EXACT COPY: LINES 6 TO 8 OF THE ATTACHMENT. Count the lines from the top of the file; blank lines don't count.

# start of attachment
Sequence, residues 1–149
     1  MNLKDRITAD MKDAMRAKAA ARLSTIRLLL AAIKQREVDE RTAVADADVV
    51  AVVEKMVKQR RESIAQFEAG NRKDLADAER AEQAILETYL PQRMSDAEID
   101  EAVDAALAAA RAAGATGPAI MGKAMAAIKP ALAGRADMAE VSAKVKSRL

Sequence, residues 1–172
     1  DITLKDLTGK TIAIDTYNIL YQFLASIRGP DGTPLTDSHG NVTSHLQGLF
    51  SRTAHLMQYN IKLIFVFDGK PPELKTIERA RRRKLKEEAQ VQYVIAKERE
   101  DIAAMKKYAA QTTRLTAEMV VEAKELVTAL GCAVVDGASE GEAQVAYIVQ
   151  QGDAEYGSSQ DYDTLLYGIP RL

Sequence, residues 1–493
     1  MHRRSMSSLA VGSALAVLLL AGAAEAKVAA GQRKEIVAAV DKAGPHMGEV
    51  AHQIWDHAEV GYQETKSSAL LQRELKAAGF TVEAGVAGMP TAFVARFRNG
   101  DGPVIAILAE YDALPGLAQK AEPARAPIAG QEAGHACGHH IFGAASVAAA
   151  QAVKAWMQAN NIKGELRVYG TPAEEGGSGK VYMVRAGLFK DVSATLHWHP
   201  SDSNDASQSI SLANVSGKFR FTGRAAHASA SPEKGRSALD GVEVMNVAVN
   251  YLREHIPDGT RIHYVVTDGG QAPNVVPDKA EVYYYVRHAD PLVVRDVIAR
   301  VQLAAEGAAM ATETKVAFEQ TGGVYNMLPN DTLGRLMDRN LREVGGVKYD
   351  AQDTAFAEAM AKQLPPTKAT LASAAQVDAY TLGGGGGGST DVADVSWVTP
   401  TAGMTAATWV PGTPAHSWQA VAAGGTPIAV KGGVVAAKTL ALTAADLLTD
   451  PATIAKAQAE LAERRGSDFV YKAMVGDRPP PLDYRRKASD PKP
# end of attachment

     1  DITLKDLTGK TIAIDTYNIL YQFLASIRGP DGTPLTDSHG NVTSHLQGLF
    51  SRTAHLMQYN IKLIFVFDGK PPELKTIERA RRRKLKEEAQ VQYVIAKERE
   101  DIAAMKKYAA QTTRLTAEMV VEAKELVTAL GCAVVDGASE GEAQVAYIVQ